Both Chapter 7 and 13 bankruptcies strive for the same result: the debtor ends up having their debts discharged. The primary differences between a Chapter 7 and 13 bankruptcies are (1) what happens to your property, (2) who qualifies, and (3) how long the bankruptcy takes to get to discharge.
What happens to your property?
A Chapter 7 can be described as a liquidation, while a Chapter 13 is a reorganization.
In a Chapter 7 bankruptcy, the debtor is required to sell/liquidate all non-exempt property to pay off the creditors. Whatever property is exempt and/or left after paying off the creditors is kept by the debtor. The list of exempt property is broad in Colorado and includes the following (but not limited to), all subject to their statutory amount limits:
- Clothing and jewelry;
- Household goods;
- Retirement accounts (not traditional savings accounts);
- Property used for the debtor’s gainful occupation;
- Motor vehicle;
- Primary home.
In a Chapter 13 bankruptcy, the debtor is allowed to pay off the creditors on a three-to-five-year payment plan while keeping all their property. The payment plan will be based on your property, income, and ability to pay. The payment plan requires monthly payments that the trustee will then distribute to the creditors.
To qualify for a Chapter 7 bankruptcy, the debtor must pass the Colorado means test by either (1) having an income below Colorado’s household median income (as set by the Census Bureau’s Median Family Income Data) or (2) showing their disposable monthly income is below a certain amount.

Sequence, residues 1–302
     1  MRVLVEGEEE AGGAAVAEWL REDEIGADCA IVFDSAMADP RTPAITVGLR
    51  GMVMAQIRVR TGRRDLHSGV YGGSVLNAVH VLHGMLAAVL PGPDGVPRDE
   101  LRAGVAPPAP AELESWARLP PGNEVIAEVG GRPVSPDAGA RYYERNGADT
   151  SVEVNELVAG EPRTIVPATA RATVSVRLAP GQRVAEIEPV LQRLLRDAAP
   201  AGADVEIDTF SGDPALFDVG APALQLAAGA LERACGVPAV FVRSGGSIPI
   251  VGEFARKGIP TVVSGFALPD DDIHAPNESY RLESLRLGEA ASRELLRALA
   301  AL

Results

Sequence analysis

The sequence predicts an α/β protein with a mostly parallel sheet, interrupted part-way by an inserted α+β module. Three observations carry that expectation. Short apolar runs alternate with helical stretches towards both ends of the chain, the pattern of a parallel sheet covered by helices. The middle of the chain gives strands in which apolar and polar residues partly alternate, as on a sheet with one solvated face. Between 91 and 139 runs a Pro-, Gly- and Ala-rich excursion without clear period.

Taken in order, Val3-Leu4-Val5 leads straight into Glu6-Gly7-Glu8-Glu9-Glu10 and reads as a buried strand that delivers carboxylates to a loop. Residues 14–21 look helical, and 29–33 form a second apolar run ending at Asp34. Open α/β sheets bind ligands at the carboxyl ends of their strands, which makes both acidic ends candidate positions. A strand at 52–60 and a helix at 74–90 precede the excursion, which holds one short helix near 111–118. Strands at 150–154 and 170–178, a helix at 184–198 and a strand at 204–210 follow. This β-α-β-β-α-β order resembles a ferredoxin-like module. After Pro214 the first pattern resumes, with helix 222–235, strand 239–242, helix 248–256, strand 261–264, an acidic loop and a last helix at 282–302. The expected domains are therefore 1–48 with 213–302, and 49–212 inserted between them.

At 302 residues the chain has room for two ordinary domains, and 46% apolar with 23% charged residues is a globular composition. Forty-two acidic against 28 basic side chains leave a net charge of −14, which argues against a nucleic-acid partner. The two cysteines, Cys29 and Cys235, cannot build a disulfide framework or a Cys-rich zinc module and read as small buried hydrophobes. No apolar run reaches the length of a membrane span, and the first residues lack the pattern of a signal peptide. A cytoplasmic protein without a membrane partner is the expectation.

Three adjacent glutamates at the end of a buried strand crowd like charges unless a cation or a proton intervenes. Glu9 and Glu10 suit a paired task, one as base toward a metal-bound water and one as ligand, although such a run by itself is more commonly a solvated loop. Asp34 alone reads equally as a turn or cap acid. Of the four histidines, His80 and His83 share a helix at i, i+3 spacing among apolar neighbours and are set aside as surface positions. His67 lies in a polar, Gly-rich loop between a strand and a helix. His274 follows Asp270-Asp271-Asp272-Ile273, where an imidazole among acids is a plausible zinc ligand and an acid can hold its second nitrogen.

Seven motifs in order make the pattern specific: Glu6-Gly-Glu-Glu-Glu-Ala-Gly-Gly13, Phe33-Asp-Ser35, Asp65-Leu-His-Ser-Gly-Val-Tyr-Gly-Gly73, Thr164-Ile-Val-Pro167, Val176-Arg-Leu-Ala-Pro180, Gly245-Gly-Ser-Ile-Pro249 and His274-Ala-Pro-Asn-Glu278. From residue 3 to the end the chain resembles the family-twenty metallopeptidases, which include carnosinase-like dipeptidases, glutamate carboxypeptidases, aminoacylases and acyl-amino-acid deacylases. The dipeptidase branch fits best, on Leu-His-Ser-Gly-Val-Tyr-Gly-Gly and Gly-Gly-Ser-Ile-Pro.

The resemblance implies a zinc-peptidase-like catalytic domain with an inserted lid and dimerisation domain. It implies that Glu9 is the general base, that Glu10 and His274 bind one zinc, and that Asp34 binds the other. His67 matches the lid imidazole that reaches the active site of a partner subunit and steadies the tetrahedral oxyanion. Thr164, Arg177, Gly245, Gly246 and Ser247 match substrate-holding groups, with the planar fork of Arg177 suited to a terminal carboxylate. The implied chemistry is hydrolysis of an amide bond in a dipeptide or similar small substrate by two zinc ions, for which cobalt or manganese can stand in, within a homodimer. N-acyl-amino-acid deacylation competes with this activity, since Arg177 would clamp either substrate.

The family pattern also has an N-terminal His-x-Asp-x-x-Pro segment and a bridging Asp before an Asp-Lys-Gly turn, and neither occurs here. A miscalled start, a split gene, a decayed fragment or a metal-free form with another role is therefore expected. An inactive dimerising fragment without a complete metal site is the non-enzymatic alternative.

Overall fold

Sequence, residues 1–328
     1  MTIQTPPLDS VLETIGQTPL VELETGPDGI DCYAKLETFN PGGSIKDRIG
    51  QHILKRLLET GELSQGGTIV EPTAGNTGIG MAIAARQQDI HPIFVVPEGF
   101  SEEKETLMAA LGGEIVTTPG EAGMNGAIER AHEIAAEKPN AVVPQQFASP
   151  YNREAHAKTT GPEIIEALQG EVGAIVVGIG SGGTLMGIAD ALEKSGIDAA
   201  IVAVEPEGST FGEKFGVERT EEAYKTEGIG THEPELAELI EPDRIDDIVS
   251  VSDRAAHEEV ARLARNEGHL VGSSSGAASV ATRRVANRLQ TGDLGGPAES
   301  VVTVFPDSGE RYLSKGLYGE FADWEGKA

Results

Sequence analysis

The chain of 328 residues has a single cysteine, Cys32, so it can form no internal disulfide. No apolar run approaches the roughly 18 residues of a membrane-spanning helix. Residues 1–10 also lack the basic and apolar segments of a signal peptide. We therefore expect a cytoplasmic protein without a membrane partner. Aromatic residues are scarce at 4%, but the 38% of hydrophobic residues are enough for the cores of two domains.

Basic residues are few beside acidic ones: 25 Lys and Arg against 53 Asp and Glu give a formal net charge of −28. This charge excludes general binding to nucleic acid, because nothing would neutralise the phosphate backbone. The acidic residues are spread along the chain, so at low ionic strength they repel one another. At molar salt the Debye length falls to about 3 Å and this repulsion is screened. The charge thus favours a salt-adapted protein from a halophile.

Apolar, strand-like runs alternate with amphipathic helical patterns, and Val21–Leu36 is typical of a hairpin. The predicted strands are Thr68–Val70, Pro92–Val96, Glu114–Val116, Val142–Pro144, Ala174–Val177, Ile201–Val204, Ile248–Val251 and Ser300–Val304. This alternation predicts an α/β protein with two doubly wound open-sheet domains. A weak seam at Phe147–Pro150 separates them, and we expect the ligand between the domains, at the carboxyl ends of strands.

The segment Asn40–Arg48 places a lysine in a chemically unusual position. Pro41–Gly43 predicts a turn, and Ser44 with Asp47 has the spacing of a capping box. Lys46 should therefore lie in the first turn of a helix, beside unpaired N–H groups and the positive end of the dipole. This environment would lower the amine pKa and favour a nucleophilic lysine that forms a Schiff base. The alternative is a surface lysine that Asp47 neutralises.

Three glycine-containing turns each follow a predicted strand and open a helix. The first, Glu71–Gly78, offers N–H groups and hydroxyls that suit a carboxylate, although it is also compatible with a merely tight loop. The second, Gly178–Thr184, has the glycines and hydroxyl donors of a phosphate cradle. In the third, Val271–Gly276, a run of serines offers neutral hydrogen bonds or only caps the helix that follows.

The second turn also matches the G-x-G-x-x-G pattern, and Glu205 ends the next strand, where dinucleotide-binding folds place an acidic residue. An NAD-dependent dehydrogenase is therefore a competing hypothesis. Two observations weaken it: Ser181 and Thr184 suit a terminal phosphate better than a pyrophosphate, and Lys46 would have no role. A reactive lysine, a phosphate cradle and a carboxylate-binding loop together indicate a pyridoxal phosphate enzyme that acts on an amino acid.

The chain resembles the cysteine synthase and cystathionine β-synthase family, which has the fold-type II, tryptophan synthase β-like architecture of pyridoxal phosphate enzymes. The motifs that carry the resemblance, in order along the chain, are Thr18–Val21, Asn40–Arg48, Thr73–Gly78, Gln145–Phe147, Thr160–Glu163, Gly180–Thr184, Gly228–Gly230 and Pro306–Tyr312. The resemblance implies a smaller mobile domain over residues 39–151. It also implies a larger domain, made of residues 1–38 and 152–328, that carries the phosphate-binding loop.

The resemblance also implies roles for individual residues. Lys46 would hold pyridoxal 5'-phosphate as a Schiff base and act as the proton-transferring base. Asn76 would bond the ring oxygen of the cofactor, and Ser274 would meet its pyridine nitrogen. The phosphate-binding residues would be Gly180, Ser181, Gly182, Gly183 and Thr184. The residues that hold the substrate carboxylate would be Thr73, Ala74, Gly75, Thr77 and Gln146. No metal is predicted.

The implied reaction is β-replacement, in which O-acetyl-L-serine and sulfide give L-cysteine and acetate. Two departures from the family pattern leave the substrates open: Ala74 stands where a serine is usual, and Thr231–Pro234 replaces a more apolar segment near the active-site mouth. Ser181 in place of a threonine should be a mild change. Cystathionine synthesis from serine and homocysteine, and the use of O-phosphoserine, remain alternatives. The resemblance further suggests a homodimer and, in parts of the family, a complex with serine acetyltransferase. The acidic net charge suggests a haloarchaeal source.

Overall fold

For those that do not pass the means test and have debts under the legal limits, they can file a Chapter 13 bankruptcy. The current legal debt limits for a Chapter 13 filing are $465,275 of unsecured debts and $1,395,875 of secured debts. These debt limits change every three years.
The means test has many legal nuances where the assistance of an experienced attorney is crucial. For example, what qualifies as income, a household member, and/or an expense under the means test can all be difficult to determine. An experienced attorney can help you properly run the means test to your individual situation such that you have the best chance to qualify under Chapter 7.
How long it takes to get to Discharge?
A Chapter 7 bankruptcy lasts on average four to five months to get to discharge.
A Chapter 13 bankruptcy takes three to five years to get to discharge.
Colorado Bankruptcy Attorney
Having an experienced attorney can be crucial to the case. At Burnham Law we have successfully discharged our clients’ debts such that they were able to keep most, if not all their property. This success comes by assuring our clients have (1) filed at the right time, (2) labeled and claimed all exempt property under the law, and (3) properly applied the Colorado means test.
The timing of when the debtor files is vitally important. At Burnham Law, before a client files, we have gone through an extensive pre-filing preparation phase.
Claiming all the exempt property allowed under the law assures that the bankruptcy estate only includes property that lawfully must be included. The laws surrounding exemptions is complex and an experienced attorney will know the nuances and case law.
Last, properly applying the Colorado means test will assure that you file under the proper Chapter. The legal definitions within the means test are specialized and an experienced attorney can help you qualify for a Chapter 7 when you otherwise would not have known that you qualify.
The primary purpose of a bankruptcy is to provide a fresh financial start. Burnham Law believes in second chances, and we want to help you eliminate your debt and stress.